‘I’m not a conspiracy theorist’: Phil Lyman’s long shot strategy to overturn Gov. Cox’s GOP primary win

A week after the 2024 primary election polls closes, Spencer Cox has a commanding lead over Lyman in Utah’s gubernatorial primary election, according to unofficial returns.

Instead of accepting defeat in the 2024 Republican gubernatorial primary election, Phil Lyman seems to be hanging his fading chances of wresting the party nomination away from Spencer Cox on a long shot allegation that the signatures Cox used to qualify for the ballot may not be legitimate.

Lyman, a state lawmaker, currently trails Cox by approximately 38,000 votes a week after election day. Lyman won the delegate vote at April’s Republican Party nominating convention.

Lyman has continued to reject the reality of his loss, blaming the media and insinuating that the vote-tabulating machines were somehow rigged against him.

“I’m not a conspiracy theorist. I’m really not,” Lyman said during a Monday evening Zoom call with members of the far-right group Utah Citizens for the Constitution. Lyman is on the organization’s board of directors.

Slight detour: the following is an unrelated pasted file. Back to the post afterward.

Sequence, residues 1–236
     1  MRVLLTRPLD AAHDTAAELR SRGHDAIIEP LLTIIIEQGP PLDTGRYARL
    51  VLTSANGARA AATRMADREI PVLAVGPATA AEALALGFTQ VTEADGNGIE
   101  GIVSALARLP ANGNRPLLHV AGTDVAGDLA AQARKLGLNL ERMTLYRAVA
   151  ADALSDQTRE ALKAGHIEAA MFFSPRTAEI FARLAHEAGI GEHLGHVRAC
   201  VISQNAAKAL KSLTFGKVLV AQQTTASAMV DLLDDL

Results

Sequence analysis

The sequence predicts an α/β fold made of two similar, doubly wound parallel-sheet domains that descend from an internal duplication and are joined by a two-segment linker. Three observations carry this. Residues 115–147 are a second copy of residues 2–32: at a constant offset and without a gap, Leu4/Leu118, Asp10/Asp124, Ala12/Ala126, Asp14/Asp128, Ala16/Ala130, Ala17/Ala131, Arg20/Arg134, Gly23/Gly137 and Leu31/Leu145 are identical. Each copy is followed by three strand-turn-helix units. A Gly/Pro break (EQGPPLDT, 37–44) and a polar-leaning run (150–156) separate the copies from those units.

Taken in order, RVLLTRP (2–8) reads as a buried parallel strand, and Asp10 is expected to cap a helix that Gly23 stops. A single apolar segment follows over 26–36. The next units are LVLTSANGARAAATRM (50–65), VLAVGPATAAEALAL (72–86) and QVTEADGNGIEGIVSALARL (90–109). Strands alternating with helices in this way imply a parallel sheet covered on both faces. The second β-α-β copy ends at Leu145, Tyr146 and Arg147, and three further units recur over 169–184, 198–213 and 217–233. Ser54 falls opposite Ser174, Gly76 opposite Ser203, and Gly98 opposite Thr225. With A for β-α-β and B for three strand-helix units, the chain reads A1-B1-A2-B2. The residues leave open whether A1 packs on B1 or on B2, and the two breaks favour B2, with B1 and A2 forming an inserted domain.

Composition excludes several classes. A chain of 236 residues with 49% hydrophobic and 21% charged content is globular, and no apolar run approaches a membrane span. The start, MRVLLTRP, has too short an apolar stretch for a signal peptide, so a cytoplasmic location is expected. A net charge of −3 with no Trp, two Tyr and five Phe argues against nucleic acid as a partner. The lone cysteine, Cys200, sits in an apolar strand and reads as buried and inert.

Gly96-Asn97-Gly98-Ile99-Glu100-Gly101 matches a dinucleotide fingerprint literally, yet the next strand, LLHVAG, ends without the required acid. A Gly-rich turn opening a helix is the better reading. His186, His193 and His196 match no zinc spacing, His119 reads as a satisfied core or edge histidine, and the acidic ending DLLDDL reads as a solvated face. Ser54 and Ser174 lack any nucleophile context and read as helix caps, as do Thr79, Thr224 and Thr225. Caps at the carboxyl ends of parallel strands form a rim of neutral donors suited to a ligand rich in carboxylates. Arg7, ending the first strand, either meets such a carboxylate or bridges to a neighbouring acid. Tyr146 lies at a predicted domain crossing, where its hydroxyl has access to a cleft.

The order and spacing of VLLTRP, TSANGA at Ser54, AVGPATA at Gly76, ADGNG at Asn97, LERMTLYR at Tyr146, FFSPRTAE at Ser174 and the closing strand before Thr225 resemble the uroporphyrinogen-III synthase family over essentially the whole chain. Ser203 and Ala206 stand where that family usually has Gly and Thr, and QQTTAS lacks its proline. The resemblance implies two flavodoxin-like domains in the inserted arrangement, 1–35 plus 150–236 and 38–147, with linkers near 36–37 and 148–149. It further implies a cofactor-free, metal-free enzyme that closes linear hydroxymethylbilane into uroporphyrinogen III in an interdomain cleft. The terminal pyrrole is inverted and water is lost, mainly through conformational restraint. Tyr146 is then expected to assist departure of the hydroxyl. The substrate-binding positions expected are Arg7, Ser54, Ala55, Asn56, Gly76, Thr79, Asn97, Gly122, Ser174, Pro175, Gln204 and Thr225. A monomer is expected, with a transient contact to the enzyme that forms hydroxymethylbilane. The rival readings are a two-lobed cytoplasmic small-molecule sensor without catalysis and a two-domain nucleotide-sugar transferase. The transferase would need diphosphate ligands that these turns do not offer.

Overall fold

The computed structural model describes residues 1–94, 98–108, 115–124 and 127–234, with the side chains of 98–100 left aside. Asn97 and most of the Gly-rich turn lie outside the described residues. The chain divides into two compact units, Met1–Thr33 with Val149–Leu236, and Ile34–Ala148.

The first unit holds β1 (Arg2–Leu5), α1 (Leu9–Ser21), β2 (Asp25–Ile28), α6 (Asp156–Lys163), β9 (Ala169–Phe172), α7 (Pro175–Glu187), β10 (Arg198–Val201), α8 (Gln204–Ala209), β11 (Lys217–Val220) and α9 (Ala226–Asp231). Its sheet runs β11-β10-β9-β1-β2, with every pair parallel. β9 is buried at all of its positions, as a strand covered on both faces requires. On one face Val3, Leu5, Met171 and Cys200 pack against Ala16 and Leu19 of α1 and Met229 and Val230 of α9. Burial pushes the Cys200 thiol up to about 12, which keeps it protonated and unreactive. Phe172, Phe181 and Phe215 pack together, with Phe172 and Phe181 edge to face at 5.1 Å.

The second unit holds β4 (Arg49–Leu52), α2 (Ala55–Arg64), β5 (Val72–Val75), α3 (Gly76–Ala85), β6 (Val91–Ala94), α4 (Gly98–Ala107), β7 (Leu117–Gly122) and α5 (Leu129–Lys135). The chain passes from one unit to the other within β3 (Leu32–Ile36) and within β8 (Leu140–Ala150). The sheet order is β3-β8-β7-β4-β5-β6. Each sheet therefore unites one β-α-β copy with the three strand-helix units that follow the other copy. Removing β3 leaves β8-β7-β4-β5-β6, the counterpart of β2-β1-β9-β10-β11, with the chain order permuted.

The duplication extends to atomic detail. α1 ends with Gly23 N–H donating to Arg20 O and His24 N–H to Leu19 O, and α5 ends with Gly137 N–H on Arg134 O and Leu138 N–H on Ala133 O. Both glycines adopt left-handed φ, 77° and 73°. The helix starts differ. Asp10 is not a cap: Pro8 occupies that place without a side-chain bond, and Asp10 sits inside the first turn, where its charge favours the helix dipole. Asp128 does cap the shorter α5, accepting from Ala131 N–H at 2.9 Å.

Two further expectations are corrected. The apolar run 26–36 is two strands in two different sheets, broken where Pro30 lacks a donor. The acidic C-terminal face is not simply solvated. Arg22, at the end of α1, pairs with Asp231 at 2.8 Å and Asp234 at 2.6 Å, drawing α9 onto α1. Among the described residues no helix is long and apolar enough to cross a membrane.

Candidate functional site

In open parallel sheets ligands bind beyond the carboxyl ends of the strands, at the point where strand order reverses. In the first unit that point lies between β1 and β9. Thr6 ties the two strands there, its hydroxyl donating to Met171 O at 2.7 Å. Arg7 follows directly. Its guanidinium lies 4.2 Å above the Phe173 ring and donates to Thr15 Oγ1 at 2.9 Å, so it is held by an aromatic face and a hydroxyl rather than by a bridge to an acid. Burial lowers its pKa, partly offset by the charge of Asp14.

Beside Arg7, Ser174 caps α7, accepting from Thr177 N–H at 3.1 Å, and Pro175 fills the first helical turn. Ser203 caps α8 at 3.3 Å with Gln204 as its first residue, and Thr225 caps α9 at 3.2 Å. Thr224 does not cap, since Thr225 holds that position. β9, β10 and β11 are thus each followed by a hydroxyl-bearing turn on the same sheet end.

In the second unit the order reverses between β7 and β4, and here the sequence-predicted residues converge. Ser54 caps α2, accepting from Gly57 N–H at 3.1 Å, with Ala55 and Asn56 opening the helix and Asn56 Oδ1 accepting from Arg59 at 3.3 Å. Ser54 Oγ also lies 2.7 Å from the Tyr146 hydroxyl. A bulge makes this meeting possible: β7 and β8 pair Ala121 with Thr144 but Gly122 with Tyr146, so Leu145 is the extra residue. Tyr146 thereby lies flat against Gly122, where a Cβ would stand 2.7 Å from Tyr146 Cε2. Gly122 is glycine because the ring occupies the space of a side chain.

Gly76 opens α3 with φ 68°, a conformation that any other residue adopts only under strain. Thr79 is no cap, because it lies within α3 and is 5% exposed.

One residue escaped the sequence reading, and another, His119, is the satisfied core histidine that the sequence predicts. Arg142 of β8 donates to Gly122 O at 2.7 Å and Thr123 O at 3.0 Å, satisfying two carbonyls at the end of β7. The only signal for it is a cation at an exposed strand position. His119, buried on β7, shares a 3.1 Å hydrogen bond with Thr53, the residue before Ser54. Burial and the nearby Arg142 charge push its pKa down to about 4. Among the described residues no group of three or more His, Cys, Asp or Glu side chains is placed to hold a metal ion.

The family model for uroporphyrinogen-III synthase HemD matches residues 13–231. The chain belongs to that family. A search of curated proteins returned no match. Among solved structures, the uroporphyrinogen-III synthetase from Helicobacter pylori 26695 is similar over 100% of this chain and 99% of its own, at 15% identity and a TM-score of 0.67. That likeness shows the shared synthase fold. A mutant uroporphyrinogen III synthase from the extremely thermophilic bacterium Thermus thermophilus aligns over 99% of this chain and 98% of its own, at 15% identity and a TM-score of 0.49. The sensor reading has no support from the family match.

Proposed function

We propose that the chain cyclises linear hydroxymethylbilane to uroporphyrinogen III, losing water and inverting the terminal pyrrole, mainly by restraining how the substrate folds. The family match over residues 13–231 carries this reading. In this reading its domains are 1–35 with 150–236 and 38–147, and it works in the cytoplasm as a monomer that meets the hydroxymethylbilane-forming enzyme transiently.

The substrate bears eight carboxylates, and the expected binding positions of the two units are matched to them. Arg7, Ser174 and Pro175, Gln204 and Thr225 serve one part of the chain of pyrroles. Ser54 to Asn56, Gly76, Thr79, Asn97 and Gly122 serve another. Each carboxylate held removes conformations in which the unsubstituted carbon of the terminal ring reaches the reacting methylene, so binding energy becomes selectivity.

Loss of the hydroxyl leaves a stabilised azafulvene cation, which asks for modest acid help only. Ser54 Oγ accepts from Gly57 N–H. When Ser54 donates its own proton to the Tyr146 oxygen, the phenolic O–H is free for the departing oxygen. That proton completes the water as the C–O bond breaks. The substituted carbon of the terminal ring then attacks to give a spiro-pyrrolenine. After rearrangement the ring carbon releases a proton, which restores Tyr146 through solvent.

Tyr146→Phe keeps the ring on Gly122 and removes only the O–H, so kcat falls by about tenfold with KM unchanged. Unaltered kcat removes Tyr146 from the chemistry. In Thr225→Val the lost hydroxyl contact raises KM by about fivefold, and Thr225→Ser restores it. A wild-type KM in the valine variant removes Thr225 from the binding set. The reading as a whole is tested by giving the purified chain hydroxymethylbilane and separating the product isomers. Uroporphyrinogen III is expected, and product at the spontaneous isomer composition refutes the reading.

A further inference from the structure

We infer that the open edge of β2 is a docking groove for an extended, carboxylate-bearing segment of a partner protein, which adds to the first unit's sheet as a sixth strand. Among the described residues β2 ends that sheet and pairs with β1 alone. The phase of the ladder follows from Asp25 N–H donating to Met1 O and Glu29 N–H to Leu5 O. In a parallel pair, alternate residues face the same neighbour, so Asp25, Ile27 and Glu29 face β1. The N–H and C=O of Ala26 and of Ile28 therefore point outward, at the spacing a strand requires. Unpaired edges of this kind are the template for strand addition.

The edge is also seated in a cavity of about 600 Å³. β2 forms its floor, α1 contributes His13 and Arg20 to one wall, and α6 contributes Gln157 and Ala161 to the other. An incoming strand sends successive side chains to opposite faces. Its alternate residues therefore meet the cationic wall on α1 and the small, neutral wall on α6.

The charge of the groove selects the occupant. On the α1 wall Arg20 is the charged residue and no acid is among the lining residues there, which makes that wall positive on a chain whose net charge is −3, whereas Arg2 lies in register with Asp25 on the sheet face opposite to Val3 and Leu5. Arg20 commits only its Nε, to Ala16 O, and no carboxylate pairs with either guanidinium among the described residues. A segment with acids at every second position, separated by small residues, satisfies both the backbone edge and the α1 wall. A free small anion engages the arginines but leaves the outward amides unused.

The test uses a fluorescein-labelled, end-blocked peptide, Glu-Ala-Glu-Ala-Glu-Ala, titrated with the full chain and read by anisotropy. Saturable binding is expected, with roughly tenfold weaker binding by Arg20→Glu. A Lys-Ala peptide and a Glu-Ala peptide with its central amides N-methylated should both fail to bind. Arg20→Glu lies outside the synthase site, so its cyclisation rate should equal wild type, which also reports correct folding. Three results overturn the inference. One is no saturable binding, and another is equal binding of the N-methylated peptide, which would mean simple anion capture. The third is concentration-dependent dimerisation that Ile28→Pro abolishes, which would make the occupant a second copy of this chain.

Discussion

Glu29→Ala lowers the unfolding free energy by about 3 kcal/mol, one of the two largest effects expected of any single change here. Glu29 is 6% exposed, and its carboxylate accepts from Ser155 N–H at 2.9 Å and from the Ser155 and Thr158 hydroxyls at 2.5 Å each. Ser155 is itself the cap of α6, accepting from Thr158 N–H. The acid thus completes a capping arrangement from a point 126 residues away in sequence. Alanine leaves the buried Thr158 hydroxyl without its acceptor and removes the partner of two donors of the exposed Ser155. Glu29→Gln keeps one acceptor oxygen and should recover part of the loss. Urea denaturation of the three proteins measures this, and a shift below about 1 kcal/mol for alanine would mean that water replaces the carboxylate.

During that call, Lyman suggested without evidence that clandestine government agents were working to make election deniers look like reality-challenged kooks.

“There’s no shortage of genuine conspiracy theorists out there, and some of them that I think are actually agents in this space that are trying to make people look crazy, who question elections. I think the FBI and CIA are very active in that space,” Lyman said. “You’re always trying to figure out who you can trust and who you can rely on.”

[READ: Why Lt. Gov. Henderson told Utah’s county clerks that election returns are not a public record]

While Lyman says he won’t acknowledge his loss until he’s satisfied that the results were legitimate, his campaign hopes their theory will ultimately lead to him supplanting Cox as the Republican gubernatorial nominee in November.

The labyrinthine plan involves: the signature-gathering company Cox used to qualify for the ballot, state Sen. Don Ipson, Republican attorney general nominee Derek Brown, and an alleged criminal investigation.

Inside Lyman’s theory

Utah voter registration information, including name, address, age and voting history, are publicly available by default. However, Utahns can choose to make that information private, prohibiting disclosure of the information to everyone except for political parties and candidates, with includes restrictions on how that information can be used. Some voters, including domestic violence victims, law enforcement officers, military members or other high-profile people, can ask to have their information withheld from being made public under any circumstances.